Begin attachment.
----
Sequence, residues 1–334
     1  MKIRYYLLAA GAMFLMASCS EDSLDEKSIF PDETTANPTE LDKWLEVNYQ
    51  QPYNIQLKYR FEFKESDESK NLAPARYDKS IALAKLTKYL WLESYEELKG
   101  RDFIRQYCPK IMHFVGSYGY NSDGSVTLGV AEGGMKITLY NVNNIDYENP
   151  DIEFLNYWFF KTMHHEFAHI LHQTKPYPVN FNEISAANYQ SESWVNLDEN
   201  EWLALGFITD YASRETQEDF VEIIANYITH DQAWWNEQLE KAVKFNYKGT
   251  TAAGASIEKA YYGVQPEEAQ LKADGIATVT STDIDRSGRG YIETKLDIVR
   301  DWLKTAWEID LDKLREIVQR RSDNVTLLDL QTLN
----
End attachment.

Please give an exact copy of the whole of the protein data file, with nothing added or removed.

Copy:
Sequence, residues 1–334
     1  MKIRYYLLAA GAMFLMASCS EDSLDEKSIF PDETTANPTE LDKWLEVNYQ
    51  QPYNIQLKYR FEFKESDESK NLAPARYDKS IALAKLTKYL WLESYEELKG
   101  RDFIRQYCPK IMHFVGSYGY NSDGSVTLGV AEGGMKITLY NVNNIDYENP
   151  DIEFLNYWFF KTMHHEFAHI LHQTKPYPVN FNEISAANYQ SESWVNLDEN
   201  EWLALGFITD YASRETQEDF VEIIANYITH DQAWWNEQLE KAVKFNYKGT
   251  TAAGASIEKA YYGVQPEEAQ LKADGIATVT STDIDRSGRG YIETKLDIVR
   301  DWLKTAWEID LDKLREIVQR RSDNVTLLDL QTLN